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Jabber Jury: A Virtual Courtroom Where The Whole World Can Judge

Many people dread being summoned for jury duty. The stuffy courtroom, the drawn out cases, and all those missed days of work. But, in the virtual courtroom of JabberJury, being a juror is actually fun and rewarding.

Launching in February, JabberJury is a new website where people can air and settle conflicts, using a jury of their peers and the world at large. Anyone with a gripe or dilemma can go on the site and upload a video stating their case. Each party in the dispute is given equal opportunity to defend against their opponent’s arguments with opening statements, rebuttals and closing arguments. Both sides can then invite friends to become “JabberJurors” who vote for a winner and collectively decide the outcome, along with anyone else visiting the site who wants to weigh in.

Unlike real court proceedings, JabberJury’s resolution process is designed to be fun, and is what Co-Founders Kevin Wielgus and Angelo Rago like to call “conflictainment.” Says Rago, “It’s human nature to eavesdrop on the couple arguing one table over at a restaurant. Every good story has a hero, a villain and a conflict. And we all have an opinion. Whether it’s a squabble between spouses over what color to paint the kitchen, cubicle-mates who can’t agree on a radio station, or roommates who fight over food, JabberJury’s pool of conflict is endless, and entertaining.”

Litigating parties who want to strengthen their case can invite witnesses and submit evidence, just like in a real trial. JabberJurors can use all this support to better decide who they think is right or wrong. They can also try to sway fellow jurors by posting opinionated comments, (aka “outbursts”) in the court, or they can “heckle” just for fun.

In case the sheer satisfaction of being right is not enough, JabberJury also rewards users with points or “Jabbies”. If someone posts a case and wins, they earn these special credits, as does any JabberJuror who voted for the winning side. Users also get Jabbies for inviting friends to join JabberJury. Jabbies can be redeemed for prizes, or can even be donated to charity. Rago notes that such features like the outbursts and Jabbies help “make it into a game. It’s friendly competition, where everyone competes for bragging rights, higher status levels, and Jabbies.”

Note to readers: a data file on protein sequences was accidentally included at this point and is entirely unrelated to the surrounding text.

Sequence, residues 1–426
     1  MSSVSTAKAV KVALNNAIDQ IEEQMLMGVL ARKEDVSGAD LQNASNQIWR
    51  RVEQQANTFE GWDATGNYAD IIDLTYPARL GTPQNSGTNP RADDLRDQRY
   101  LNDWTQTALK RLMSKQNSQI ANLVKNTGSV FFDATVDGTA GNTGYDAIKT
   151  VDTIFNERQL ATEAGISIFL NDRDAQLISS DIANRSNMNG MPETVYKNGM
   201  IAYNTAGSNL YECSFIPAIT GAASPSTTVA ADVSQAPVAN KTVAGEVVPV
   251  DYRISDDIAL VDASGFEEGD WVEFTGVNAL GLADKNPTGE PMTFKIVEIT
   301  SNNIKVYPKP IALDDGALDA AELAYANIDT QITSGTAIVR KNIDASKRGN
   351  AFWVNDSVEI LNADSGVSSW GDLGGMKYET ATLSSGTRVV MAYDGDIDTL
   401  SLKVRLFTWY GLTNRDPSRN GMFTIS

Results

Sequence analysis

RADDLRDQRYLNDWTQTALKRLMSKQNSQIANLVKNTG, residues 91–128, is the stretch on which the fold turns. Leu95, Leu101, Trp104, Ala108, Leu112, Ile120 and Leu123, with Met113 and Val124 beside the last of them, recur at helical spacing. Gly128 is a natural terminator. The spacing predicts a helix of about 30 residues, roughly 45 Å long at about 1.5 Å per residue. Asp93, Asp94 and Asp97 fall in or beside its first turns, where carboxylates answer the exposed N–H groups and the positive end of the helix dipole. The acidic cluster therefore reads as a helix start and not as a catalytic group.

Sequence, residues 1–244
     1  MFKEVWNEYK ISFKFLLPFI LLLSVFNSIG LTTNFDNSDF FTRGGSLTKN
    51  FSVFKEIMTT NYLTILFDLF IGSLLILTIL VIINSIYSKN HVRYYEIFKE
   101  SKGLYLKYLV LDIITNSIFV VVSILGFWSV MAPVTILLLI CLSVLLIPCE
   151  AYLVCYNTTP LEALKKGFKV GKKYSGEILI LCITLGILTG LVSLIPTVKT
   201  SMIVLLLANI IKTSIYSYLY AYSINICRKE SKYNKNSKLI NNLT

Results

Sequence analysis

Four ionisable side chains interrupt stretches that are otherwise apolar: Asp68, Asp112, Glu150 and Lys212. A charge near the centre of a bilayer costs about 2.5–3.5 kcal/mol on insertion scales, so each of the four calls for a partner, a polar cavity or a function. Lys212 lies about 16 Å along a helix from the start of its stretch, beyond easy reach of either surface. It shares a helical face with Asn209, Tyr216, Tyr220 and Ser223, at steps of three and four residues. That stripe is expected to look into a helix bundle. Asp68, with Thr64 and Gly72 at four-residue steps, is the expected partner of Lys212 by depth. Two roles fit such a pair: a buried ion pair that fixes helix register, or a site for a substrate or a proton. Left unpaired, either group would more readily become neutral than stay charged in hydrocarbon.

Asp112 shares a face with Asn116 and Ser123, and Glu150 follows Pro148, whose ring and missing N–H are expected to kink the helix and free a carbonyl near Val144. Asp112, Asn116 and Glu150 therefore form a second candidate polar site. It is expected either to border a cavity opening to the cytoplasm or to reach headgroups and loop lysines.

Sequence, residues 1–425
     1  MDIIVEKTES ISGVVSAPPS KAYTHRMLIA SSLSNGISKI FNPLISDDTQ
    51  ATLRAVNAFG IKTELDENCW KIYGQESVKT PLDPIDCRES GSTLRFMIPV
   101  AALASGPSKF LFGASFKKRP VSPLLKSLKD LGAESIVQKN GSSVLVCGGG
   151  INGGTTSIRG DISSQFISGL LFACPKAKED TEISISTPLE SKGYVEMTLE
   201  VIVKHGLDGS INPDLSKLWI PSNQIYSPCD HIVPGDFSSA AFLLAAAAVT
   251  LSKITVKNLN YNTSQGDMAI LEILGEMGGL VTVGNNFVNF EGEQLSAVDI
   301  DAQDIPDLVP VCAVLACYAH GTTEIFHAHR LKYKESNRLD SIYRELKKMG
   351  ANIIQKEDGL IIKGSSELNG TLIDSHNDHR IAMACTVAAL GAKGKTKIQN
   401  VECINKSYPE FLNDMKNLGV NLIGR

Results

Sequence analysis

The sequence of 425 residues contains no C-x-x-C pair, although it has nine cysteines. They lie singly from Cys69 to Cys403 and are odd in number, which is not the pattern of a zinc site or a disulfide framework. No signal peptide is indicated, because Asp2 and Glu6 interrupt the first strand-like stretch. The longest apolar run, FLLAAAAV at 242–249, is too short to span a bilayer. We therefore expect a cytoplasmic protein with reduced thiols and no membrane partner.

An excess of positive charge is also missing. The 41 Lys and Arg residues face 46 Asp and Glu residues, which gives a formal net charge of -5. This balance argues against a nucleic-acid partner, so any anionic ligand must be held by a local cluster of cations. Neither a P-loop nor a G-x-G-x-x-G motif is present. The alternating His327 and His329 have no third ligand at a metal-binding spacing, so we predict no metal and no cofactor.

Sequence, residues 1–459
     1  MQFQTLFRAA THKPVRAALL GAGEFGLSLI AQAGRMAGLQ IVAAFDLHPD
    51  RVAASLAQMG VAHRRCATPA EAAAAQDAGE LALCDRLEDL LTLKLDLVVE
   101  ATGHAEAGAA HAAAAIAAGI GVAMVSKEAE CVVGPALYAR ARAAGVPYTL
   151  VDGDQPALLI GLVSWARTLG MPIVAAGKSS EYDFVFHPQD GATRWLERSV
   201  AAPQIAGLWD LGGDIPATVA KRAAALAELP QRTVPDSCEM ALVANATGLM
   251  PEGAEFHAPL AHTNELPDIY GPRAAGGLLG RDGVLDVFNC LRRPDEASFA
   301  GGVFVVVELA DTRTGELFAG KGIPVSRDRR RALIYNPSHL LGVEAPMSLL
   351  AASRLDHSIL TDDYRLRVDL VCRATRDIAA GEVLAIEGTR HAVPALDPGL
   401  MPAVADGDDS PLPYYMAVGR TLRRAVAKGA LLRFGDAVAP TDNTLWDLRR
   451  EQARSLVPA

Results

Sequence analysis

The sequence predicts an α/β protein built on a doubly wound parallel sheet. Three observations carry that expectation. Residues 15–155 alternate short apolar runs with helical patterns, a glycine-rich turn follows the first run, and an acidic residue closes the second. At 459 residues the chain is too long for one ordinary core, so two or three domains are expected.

Though JabberJury’s main purpose is entertainment, it does offer some socially redeeming benefits. “This is a great forum to start conversations and seek out other opinions to learn if you’re alone or extreme in your viewpoint,” says JabberJury CEO and Co-Founder Wielgus. “Let’s say a teenage girl wants to stay out late like all her friends, but her mom forbids it. The girl can argue her case for how ‘everyone’s doing it’, while Mom can rebuttal and gauge how other parents feel about the subject. Inviting the collective wisdom of hundreds, or even millions of site users is a far better way to resolve the conflict than just screaming, ‘Because I said so!’”

Wielgus and Rago came up with the idea for JabberJury one night after Rago had an argument with his former girlfriend that Wielgus and his wife witnessed. She later sent Rago numerous scathing texts criticizing his behavior. Rago says, “It was frustrating to me knowing that she was probably already telling her friends how upset she was with me and that they were all unfairly passing judgment on me”. Wielgus adds, “they weren’t even there so they only had one side of the story. My wife and I saw the whole thing and knew Angelo was right.” Rago adds, “So often, friends are asked to weigh in on disagreements but they seldom hear both sides. Now, with the rise of social media, we realized there was an opportunity to create a venue for people to air both sides of their conflict in front of an even broader audience to figure out who’s right. Why not let the whole world decide?”

JabberJury’s teaser site launched recently, and allows users to see and vote on a JabberJury Case of the Day. The full website with video uploading capabilities will be up and running, “in time for all your Valentines arguments,” says Wielgus.

For more information about JabberJury, visit

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